They’re helpful. They’re conveniently located. And they spit out your money in $20 bills. But the Santa Barbara County Sheriff’s Dept. is warning residents to be wary of a locally based scam that uses automatic teller machines (ATMs) to rob customers of their savings.

The scam involves the insertion of an adhesive strip into the card slot, making customers’ cards stuck. A placard the thieves place on the ATM instructs the customer to enter his or her personal identification number (P.I.N.) three times in order to release the card. However, repeatedly entering the P.I.N. only allows nearby thieves to memorize the P.I.N. for their own illegal use after the customer has left without having been able to free his or her card.

Three Bank of America ATMs have been used in the scam: one in Oxnard, one in Ventura and one on the 4800 block of Hollister Avenue. All three incidents happened between Feb. 9 and 15. No similar scams outside of the area have been reported.

Sheriff’s department spokesman Sgt. Chris Pappas said aside from recognizing the circumstances of the scam, bank customers should always exercise caution when using ATMs.

“Should people see a placard telling them to punch in their P.I.N. three times, it should immediately arouse their suspicion,” Pappas said. “There’s no way a bank would ever ask people to punch their P.I.N. three times if there was a problem with the ATM.”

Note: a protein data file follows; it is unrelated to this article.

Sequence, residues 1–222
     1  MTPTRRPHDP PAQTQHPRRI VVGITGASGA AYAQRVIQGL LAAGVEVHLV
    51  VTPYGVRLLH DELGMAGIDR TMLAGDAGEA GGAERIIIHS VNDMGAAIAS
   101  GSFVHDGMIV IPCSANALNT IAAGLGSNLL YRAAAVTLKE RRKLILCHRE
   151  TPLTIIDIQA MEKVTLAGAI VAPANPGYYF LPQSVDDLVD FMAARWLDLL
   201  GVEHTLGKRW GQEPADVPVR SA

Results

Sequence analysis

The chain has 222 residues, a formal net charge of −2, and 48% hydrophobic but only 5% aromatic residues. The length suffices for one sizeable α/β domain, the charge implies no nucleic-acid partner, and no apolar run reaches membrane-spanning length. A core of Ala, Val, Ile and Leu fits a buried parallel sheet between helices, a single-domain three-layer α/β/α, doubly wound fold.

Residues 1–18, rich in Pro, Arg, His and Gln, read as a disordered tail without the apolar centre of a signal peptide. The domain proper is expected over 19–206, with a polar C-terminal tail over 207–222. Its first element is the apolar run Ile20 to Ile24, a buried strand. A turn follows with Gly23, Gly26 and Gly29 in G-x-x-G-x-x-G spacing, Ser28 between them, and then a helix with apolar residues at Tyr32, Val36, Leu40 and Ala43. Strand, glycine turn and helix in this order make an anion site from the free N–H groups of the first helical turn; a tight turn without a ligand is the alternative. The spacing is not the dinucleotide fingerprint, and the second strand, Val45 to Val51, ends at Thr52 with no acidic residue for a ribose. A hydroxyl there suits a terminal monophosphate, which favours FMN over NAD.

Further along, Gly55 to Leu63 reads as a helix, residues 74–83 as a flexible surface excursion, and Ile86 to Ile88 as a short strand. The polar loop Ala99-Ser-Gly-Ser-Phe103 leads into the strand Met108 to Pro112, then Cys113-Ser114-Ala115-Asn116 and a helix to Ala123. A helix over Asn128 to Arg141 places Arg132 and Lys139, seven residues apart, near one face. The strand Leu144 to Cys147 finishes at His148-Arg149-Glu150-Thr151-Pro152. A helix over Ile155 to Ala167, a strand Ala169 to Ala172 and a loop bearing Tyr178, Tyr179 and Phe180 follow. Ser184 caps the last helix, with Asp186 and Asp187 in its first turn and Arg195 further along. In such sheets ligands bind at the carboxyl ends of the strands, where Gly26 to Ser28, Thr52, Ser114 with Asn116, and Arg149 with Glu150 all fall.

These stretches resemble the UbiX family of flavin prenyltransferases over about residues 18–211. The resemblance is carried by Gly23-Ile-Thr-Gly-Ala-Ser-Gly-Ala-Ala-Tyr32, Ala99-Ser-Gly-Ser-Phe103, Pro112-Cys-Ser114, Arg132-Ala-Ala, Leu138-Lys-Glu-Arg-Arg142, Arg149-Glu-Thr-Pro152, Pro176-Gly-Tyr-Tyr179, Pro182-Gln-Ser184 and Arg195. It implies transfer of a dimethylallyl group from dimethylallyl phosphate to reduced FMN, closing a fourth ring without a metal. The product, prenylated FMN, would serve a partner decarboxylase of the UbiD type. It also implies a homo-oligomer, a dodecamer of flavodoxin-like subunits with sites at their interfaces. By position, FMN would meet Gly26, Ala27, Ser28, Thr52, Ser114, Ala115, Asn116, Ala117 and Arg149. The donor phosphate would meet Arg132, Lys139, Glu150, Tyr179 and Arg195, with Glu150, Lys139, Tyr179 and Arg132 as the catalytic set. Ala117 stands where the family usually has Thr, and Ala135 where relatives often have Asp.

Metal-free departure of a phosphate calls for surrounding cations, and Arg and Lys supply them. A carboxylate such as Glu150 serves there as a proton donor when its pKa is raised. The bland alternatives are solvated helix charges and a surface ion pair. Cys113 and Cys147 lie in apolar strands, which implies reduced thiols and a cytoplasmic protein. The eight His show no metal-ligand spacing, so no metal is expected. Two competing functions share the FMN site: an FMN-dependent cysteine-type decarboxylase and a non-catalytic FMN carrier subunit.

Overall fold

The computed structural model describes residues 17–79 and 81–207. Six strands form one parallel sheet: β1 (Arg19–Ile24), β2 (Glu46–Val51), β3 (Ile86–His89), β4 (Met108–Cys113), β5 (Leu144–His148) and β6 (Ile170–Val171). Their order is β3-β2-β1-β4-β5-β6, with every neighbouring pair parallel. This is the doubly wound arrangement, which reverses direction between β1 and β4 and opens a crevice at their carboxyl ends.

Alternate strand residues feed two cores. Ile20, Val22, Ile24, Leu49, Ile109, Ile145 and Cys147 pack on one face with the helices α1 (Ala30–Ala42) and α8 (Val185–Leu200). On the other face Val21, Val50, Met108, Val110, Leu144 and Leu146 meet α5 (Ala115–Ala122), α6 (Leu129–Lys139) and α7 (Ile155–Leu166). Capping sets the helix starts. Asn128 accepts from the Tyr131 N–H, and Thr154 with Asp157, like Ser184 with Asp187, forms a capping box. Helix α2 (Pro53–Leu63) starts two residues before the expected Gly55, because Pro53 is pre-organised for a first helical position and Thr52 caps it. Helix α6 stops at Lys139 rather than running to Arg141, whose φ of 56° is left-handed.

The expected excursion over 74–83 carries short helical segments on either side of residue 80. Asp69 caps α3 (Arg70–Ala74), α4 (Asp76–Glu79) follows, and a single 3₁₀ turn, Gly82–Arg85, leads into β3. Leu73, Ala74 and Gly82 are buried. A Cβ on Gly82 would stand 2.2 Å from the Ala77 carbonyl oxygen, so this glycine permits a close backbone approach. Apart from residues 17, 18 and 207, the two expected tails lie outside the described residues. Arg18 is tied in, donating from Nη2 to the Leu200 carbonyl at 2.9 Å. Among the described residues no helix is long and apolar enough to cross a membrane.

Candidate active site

So far, only Bank of America has reported its ATMs being used in the scam. Ken Preston, the bank’s vice president, said the bank is working with the sheriff’s department to stop the scam.

“Consumers should be aware,” Preston said. “P.I.N.s are private. … Customers should not be entering them for any purpose other than the proper procedure.”

Preston said although theft is a crime that customers should try to prevent, financial loss due to illegal ATM withdrawals may be recovered.

“If something like that happens, [a customer] should go into the bank and ask to speak to the manager,” he said.

Pappas said anybody who observes any of the elements of this scam on an ATM should notify the police and call the bank at once.

“Call the police and talk to the bank manager,” Pappas said. “The matter should be taken care of right away.”

No representatives of any other bank were available to comment on whether the scam had been attempted on their banks’ ATMs.